The heterogeneity of word learning biases in late-talking children

Lynn K. Perry, Sarah C. Kucker

Research output: Contribution to journalArticlepeer-review

5 Scopus citations


Purpose: The particular statistical approach researchers choose is intimately connected to the way they conceptualize their questions, which, in turn, can influence the conclusions they draw. One particularly salient area in which statistics influence our conclusions is in the context of atypical development. Traditional statistical approaches such as t tests or analysis of variance lend themselves to a focus on group differences, downplaying the heterogeneity that exists within so many atypically developing populations. Understanding such variability is important—classification of what a disorder is, an individual’s diagnosis, and whether or not a child receives intervention all directly relate to an accurate classification of the disorder and individual’s abilities compared to their typically developing peers. Method: Here, we use word learning biases (i.e., shape and material biases) in late-talking children as a sample case and employ a variety of statistical approaches to compare the conclusions those approaches might warrant. Results: We argue that advanced statistical approaches, such as mixed-effects regression, can help us make sense of heterogeneity and are more consistent with a modern dimensional view of language disorders. Conclusions: Accurate characterization of late-talking children (and others at risk for delays) and their prognoses is necessary for accurate diagnosis and implementation of appropriate target interventions. It therefore requires rigorous statistical analyses that can capture and allow for interpretation of the heterogeneity inherent in populations with language delays and disorders.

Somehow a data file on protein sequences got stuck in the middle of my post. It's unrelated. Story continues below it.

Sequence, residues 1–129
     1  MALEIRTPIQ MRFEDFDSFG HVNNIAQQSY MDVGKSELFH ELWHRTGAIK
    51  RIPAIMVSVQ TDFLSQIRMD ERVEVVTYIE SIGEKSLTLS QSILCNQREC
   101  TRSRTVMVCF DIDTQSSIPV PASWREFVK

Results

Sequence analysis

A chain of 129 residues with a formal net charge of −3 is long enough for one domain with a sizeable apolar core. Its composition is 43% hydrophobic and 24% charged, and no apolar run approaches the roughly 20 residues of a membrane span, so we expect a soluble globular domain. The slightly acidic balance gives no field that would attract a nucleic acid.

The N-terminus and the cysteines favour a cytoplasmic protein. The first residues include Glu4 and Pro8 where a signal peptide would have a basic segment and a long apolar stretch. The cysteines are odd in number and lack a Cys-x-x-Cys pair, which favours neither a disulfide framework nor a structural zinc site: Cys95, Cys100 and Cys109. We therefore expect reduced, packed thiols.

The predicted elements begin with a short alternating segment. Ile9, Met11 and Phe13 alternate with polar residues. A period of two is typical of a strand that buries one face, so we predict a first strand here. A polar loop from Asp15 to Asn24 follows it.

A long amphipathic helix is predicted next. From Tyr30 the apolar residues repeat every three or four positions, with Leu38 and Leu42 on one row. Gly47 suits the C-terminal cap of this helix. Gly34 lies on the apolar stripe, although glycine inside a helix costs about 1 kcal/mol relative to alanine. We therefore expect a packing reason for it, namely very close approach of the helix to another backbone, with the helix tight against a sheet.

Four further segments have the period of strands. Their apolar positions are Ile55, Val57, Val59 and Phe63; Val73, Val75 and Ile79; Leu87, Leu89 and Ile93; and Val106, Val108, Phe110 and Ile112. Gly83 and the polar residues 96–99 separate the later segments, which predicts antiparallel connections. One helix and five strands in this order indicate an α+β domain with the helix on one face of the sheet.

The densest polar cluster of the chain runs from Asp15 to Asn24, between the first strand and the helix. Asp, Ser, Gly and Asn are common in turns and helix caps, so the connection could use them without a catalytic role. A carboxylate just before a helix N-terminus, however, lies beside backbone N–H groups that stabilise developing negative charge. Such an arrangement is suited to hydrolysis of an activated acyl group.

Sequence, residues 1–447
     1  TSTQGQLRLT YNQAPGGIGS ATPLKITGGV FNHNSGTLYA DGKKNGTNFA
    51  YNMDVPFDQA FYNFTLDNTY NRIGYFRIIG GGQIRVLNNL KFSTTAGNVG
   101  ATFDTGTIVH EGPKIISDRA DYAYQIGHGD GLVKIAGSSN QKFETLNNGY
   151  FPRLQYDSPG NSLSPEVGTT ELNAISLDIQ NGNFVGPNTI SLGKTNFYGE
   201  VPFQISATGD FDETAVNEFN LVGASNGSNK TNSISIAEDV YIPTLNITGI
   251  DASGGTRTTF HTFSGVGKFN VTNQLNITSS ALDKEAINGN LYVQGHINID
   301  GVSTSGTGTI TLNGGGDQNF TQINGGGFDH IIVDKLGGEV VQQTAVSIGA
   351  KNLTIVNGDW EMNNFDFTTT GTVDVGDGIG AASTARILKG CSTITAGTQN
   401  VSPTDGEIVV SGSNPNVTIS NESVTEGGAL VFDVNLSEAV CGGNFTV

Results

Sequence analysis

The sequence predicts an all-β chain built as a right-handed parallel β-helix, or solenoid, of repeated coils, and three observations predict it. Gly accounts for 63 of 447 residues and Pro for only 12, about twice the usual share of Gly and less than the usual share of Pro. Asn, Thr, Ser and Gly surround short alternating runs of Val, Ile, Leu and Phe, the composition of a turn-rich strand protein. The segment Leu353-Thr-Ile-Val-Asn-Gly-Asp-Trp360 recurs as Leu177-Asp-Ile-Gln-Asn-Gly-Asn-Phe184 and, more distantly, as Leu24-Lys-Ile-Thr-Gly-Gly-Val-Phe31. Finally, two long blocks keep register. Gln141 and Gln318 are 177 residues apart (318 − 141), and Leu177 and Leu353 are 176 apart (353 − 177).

Original languageEnglish (US)
Pages (from-to)554-563
Number of pages10
JournalJournal of Speech, Language, and Hearing Research
Issue number3
StatePublished - Mar 2019

ASJC Scopus subject areas

  • Language and Linguistics
  • Linguistics and Language
  • Speech and Hearing


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